While Sunak and Braverman’s comments were directed at pro-Palestinian protesters, critics had said they risked sparking confrontations between the marchers and far-right groups.
Of most concern were Braverman’s comments suggesting that London police had been more lenient toward pro-Palestinian demonstrators and Black Lives Matter supporters than right-wing protesters or soccer hooligans. Braverman said the Metropolitan Police force was ignoring lawbreaking by “pro-Palestinian mobs.”
On Saturday, fights broke out near the Cenotaph between police and right-wing protesters chanting “England till I die.″ Police used batons to stop the protesters, and ceremonies at the memorial weren’t interrupted. Other clashes took place in other parts of the city, including Chinatown and near the Houses of Parliament.
Following the confrontation near the Cenotaph, police said the counter-protesters were not a single group and officers were tracking them as they moved away into other parts of London. If they attempted to attack the pro-Palestinian march, “we will use all the powers and tactics available to us to prevent that from happening,” police said.
Organizers of the pro-Palestinian march say they have taken steps to ensure it doesn’t conflict with Armistice Day events. The march is scheduled to begin just after midday, more than an hour after the nation observed a two-minute silence, and it will follow a route from Hyde Park to the U.S. Embassy that doesn’t go near the Cenotaph.
Ben Jamal, director of the Palestine Solidarity Campaign, said the marchers are calling for an end to the bombing of Gaza, and he criticized Braverman for characterizing the protesters as extremists who were going to desecrate the Cenotaph. The group has sponsored marches every Saturday in London since the war began.
“We said to the police we did not want to be anywhere near Whitehall on Nov. 11: we did not want to disrupt preparations for the commemoration of remembrance on the Sunday,” Jamal told the BBC. “It is inconceivable, unless she doesn’t speak to the police, that the home secretary did not know that when she made her remarks.”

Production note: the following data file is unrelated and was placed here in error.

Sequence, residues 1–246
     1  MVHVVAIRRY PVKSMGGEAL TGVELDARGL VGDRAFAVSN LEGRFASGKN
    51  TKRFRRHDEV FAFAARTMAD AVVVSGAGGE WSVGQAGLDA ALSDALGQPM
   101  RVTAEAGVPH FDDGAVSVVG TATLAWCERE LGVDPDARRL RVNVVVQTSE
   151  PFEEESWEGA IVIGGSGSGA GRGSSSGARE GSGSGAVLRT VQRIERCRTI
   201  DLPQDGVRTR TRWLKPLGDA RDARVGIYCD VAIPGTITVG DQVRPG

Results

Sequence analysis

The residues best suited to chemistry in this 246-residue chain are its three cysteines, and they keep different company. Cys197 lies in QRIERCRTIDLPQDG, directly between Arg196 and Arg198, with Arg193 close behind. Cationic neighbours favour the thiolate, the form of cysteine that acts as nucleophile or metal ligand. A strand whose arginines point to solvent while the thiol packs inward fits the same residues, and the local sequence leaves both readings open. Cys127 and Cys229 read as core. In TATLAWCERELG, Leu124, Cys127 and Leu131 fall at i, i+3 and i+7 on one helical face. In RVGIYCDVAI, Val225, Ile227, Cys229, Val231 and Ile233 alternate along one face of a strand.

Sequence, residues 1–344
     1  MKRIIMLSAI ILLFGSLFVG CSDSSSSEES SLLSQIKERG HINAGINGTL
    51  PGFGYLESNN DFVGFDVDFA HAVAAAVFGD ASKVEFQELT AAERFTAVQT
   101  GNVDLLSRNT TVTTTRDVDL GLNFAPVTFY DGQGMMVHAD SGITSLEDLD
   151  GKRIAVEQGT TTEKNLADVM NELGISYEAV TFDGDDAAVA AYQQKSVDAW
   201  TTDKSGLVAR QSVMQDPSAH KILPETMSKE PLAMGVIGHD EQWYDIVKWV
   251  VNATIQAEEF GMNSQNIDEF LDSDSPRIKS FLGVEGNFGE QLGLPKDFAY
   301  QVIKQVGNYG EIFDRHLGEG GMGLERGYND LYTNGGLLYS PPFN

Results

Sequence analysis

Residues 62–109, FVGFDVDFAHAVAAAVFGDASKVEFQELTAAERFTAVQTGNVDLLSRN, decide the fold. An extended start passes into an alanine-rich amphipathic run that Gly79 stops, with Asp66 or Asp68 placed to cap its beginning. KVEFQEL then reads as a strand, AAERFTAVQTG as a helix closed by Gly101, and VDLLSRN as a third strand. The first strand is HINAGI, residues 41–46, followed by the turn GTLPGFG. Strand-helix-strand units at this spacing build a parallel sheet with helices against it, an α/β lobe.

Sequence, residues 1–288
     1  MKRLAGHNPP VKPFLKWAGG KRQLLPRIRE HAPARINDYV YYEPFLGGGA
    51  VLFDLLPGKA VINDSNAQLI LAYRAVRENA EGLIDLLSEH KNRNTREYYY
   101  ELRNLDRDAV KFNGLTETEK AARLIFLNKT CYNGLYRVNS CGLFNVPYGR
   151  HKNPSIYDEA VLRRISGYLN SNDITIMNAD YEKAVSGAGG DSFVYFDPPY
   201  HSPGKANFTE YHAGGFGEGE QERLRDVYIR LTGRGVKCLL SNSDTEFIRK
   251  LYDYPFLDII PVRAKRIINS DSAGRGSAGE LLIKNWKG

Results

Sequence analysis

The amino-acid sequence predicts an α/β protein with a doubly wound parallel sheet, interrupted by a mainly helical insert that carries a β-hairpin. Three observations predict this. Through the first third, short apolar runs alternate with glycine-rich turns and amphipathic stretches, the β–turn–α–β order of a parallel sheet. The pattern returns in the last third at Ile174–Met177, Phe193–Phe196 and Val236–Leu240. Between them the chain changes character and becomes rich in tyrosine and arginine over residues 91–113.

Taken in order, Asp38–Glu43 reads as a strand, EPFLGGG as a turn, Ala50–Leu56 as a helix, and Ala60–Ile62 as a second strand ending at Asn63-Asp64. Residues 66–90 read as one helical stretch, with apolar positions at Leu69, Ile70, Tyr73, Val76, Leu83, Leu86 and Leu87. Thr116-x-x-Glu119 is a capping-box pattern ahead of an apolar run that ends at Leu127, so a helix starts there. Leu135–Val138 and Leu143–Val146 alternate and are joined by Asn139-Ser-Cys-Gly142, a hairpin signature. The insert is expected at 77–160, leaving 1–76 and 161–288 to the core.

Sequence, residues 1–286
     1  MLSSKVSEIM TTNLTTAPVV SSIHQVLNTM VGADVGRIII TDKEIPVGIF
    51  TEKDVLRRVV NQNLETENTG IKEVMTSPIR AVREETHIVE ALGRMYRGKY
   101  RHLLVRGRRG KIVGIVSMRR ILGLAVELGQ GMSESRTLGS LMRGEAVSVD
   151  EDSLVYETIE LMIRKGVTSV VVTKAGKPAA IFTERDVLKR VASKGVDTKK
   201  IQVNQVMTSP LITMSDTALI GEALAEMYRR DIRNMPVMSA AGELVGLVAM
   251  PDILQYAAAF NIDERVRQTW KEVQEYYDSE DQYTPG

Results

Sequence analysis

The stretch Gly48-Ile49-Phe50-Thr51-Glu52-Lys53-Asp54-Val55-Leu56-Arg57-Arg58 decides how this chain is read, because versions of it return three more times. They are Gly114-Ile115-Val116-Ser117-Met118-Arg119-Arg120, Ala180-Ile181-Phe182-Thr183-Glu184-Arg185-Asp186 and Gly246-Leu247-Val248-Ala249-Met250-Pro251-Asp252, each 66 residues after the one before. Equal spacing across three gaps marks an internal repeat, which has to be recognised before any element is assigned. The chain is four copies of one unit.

But police have gone further, declaring an exclusion zone around the Cenotaph and stationing a 24-hour guard around the memorial, amid concerns that some protesters may seek to deface it. Protesters have also been barred from the streets around the Israeli Embassy, near the start of the march, and some areas next to the U.S. Embassy.
Police also said they would take steps to prevent convoys of vehicles traveling to the march from driving through Jewish communities. In past years, convoys carrying people who waved flags and shouted antisemitic abuse caused “significant concern, fear and upset,” the force said.
Laurence Taylor, the Met’s deputy assistant commissioner, said police would likely have to use force to manage some of the confrontations that occur over the weekend.
“We are aware there will be counter-protests, as well as a lot of people who would ordinarily come to London to mark their respect on Armistice Day, on Remembrance Sunday,'' he said. "That means we need a large and robust policing plan in place.”